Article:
New branches subsequently opened in Wellington, Christchurch, Dunedin, Tauranga, Napier, Hastings and Palmerston North.

      In 1994 ASB Bank began operating on a national basis when it amalgamated with its wholly owned subsidiary, Westland Bank.

      Just last week a branch was opened at Waikato University to target the competitive tertiary market.

      Today ASB Bank may be an Australian-owned one but it is run by an independent board with local representation. CBA chief executive David Murray is on record as saying ASB Bank is a success story other Australian banks would do well to emulate.

      Customer service is paramount, says Burrett.

      From its early days ASB has been innovative with its publicity and advertising campaigns.

      Its sponsorship of Kashin the elephant at Auckland Zoo lasted years and a generation of youngsters grew up saving in a Kashin moneybox. Advertising featured Kashin with a knot in his trunk to remind him about school banking day.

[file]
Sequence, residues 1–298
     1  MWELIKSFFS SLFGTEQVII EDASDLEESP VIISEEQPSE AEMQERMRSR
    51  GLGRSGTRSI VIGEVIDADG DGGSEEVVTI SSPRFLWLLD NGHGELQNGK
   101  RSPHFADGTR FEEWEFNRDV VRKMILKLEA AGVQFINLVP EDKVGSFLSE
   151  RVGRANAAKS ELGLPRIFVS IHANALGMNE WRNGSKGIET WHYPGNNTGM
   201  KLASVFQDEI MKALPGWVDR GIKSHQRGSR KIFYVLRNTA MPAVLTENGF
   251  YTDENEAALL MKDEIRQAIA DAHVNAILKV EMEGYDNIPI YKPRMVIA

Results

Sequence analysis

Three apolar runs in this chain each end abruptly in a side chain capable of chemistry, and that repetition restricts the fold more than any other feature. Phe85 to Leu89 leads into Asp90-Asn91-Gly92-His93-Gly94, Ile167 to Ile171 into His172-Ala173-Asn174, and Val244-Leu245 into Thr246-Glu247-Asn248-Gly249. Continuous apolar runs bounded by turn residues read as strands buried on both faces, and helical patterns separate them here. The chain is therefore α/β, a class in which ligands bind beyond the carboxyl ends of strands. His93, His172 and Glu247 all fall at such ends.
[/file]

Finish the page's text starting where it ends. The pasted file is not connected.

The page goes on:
In more recent years the bank's profile locally was lifted with an advertising campaign featuring Ira Goldstein, on a mission from New York to check out ASB Bank. The campaign was the brainchild of Auckland advertising agency Whybin TBWA Burrett says when the account was being pitched, Whybin came back to them and said they'd done research and discovered that customer service and an understanding for customer needs was what made the bank different.

      "They said to us 'we've got to build a story about this'."

      Ira, played by American actor Stephen Mellor, was an immediate success, meeting with unprecedented popularity among customers, staff and the public in general.

      Mellor, whose main claim to fame before the ads was his role as Wyatt in the 1993 movie Sleepless in Seattle, is mobbed when he's in New Zealand filming.

      Since then he's had a walk-in part on the hit TV series The Sopranos.

      Whybin TBWA chief executive David Walden says the campaign is a success because of the bank.

      "Ira is a messenger – he's not the story."

      Research showed that the 'Ira Campaign' helped to lift awareness of both the bank and its products and services.

      Burrett says Ira will feature in ads for years to come. The bank's growth while the ads have run shows how successful they've been, he says.

      Walden is giving nothing away about storyline other than to neither confirm nor deny that Ira's boss may be coming to New Zealand.

      Burrett says the ad can run for years.